US Fuses PAC-3 Interceptor Missile With Aegis Weapon System; Neutralizes ‘Live Target’ For 1st Time

Lockheed Martin has announced that it has successfully test-fired a PAC-3 Missile Segment Enhancement (MSE) interceptor from an MK-70 containerized launch platform to engage a cruise missile target in flight.

In a press release issued on May 20, Lockheed Martin detailed the use of a Mk-41-derived four-cell Mk 70-series containerized launcher for the test. The test was conducted in partnership with multiple Department of Defense Services and Components.

The launch was executed using the Virtualized Aegis Weapon System, a modular and scalable version of the proven Aegis Combat System.

The company said, “This test marks the first time PAC-3 MSE was launched in this configuration, utilizing the Virtualized Aegis Weapon System, to intercept a live target.”

Tom Copeman, Vice President of Strategy and Naval Programs at Lockheed Martin, commented on the successful test, “This successful test showcases Lockheed Martin’s commitment to developing mission-focused, integrated technology to keep those who serve ahead of evolving threats.”

Lockheed Martin artist impression

Copeman further highlighted the potential of these systems to provide a proven Integrated Air and Missile Defense (IAMD) capability to the US, bolstering its defense against advanced, maneuverable threats.

The integration of the Aegis Weapon System with the PAC-3 MSE interceptor commenced in 2017 through a separate effort funded by the Missile Defense Agency.

However, Lockheed’s testing endeavors have predominantly been internally funded, underscoring the company’s efforts to advance defense capabilities.

With nearly 30 years of history with the Army, the PAC-3 system has undergone continuous upgrades, including the newer PAC-3 MSE configuration.

On the ground, soldiers typically utilize Patriot launchers to deploy the interceptors against targets such as tactical ballistic missiles, cruise missiles, and aircraft. Thus, the interceptors essentially serve as an air defense system.

The recent test represents a crucial step in integrating this proven missile technology into the Navy’s vessels. The integration of the PAC-3 MSE interceptor with Navy vessels capitalizes on the high-resolution and highly sensitive capabilities of the Aegis radar.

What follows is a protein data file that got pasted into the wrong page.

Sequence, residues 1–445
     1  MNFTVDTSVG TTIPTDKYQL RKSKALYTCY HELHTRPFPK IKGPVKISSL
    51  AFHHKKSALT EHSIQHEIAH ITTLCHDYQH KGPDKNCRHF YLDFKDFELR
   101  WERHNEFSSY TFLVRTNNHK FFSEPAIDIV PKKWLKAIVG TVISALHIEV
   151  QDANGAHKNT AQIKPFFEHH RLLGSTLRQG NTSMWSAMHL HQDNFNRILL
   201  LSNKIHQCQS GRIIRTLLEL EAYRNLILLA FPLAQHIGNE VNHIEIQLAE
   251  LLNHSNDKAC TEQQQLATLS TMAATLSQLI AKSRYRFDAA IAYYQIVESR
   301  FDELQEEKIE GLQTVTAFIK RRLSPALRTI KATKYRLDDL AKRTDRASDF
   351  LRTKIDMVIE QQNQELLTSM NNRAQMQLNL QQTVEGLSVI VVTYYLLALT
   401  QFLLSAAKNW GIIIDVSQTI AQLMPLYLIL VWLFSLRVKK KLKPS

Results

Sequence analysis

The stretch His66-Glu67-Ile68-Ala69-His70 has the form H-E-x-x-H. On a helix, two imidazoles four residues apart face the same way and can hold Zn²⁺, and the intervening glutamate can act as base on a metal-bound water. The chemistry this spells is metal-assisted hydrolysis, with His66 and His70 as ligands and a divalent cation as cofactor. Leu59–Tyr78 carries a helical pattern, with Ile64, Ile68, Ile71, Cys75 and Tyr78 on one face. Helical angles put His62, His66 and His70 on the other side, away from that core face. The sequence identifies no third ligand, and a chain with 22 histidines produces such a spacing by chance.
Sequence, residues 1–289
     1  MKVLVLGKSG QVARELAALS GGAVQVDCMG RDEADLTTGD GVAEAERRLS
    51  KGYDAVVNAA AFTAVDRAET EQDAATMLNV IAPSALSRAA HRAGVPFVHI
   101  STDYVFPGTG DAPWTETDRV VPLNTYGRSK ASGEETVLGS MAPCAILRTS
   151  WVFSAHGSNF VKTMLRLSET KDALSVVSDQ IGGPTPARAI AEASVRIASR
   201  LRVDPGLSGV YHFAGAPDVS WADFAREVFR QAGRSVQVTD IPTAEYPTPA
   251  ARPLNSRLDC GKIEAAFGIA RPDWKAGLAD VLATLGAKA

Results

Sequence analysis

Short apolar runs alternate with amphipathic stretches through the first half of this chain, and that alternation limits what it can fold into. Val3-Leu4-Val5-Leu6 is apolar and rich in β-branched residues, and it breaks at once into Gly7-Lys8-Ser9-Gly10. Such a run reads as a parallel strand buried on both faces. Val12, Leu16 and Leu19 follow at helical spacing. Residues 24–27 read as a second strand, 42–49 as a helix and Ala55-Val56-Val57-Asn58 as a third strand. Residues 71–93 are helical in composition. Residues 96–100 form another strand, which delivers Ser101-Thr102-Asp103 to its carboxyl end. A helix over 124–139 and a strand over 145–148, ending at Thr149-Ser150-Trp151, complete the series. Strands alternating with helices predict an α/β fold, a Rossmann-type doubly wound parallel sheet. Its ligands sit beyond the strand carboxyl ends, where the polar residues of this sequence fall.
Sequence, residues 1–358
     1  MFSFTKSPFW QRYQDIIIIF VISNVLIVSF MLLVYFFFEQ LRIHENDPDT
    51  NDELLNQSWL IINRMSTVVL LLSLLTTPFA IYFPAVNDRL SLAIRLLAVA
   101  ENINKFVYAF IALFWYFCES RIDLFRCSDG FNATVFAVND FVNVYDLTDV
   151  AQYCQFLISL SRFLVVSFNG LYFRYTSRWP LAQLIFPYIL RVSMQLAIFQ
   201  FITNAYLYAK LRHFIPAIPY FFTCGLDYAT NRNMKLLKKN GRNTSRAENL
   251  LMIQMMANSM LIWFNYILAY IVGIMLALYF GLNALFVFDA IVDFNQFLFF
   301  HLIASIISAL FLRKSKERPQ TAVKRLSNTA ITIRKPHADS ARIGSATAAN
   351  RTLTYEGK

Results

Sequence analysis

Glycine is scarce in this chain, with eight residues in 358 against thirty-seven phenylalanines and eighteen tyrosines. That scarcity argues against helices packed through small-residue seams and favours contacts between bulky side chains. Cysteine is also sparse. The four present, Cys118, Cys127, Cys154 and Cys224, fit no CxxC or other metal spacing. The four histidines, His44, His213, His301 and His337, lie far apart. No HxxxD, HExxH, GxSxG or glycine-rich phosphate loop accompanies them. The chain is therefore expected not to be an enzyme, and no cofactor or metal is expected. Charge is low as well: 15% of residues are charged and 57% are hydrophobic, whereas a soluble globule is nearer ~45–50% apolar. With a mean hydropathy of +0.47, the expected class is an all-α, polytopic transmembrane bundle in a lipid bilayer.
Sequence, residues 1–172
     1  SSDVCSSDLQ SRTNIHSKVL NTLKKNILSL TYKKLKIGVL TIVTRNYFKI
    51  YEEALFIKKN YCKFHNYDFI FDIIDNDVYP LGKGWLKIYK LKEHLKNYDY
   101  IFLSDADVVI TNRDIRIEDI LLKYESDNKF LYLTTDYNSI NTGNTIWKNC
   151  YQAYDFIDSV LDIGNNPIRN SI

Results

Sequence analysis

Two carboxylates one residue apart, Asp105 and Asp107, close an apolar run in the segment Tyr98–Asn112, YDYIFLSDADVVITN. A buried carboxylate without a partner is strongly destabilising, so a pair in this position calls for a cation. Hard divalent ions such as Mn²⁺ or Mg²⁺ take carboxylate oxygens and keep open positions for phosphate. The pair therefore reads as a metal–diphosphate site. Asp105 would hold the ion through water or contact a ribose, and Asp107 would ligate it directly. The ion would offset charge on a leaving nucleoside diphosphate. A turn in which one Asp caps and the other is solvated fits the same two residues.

Operating at a higher power density with greater fidelity and range, the Aegis radar enhances target detection and tracking, facilitating precise interception by fired from ship decks.

The Significance Of The Successful Test

Lockheed Martin’s recent successful test-firing of the Patriot Advanced Capability-3 Missile Segment Enhancement (PAC-3 MSE) interceptor from a containerized launch platform holds significant implications for the US Navy’s strategic capabilities, particularly in addressing growing concerns about maintaining a steady supply of surface-to-air and other missiles during-potential-high-end conflicts.

The US Navy highlighted that the addition of PAC-3 MSE to Navy ships will fill a gap and complement the existing Vertical Launch System (VLS) inventory of surface-to-air interceptors.

Further, it will offer broader production opportunities, providing a critical asset in confronting contemporary security challenges, especially in the Pacific theater against adversaries like China.

The current geopolitical landscape underscores the pressing need for enhanced missile defense capabilities, with cruise missiles emerging as a threat category.

China and Russia continue to develop and deploy a wide range of cruise missiles, some boasting hypersonic speeds. Therefore, the integration of the PAC-3 MSE, the latest and most capable variant in the PAC-3 line, is significant to address this pressing need for versatile and production-ready missile defense solutions.

A picture from the PAC-3 MSE test launch. <em>Lockheed Martin</em>
A picture from the PAC-3 MSE test launch. Lockheed Martin

Early this year, Lockheed Martin highlighted that the PAC-3 MSE overlaps with several missions currently fulfilled by the Raytheon-made Standard Missile-6. By supplementing the Navy’s inventory with PAC-3 MSE, the SM-6 inventory is freed up for offensive measures that the PAC-3 cannot accomplish, enhancing operational flexibility.

Also, the marginal cost difference between the PAC-3 MSE and the SM-6, as indicated by the Pentagon’s 2025 Fiscal Year budget request, makes the PAC-3 MSE an attractive option for expanding the Navy’s missile inventory without significantly increasing expenditure.

The active production of PAC-3 MSE, coupled with increasing demand from Patriot operators worldwide, underscores its effectiveness and reliability in addressing diverse threats.

In recent years, the Patriot system has achieved success in tracking and intercepting maneuvering cruise missiles from the ground, and it is now extending its capabilities to include maritime warfare environments.

Recent successful deployments of Patriot systems, including PAC-3 interceptors, in the Ukrainian conflict have demonstrated their prowess against a wide array of threats, including ballistic missiles.

Additionally, the manufacturer’s commitment to meet the growing demand is evident through significant investments aimed at expanding annual production rates, with plans to increase production from 500 to 650 PAC-3 MSEs by 2027.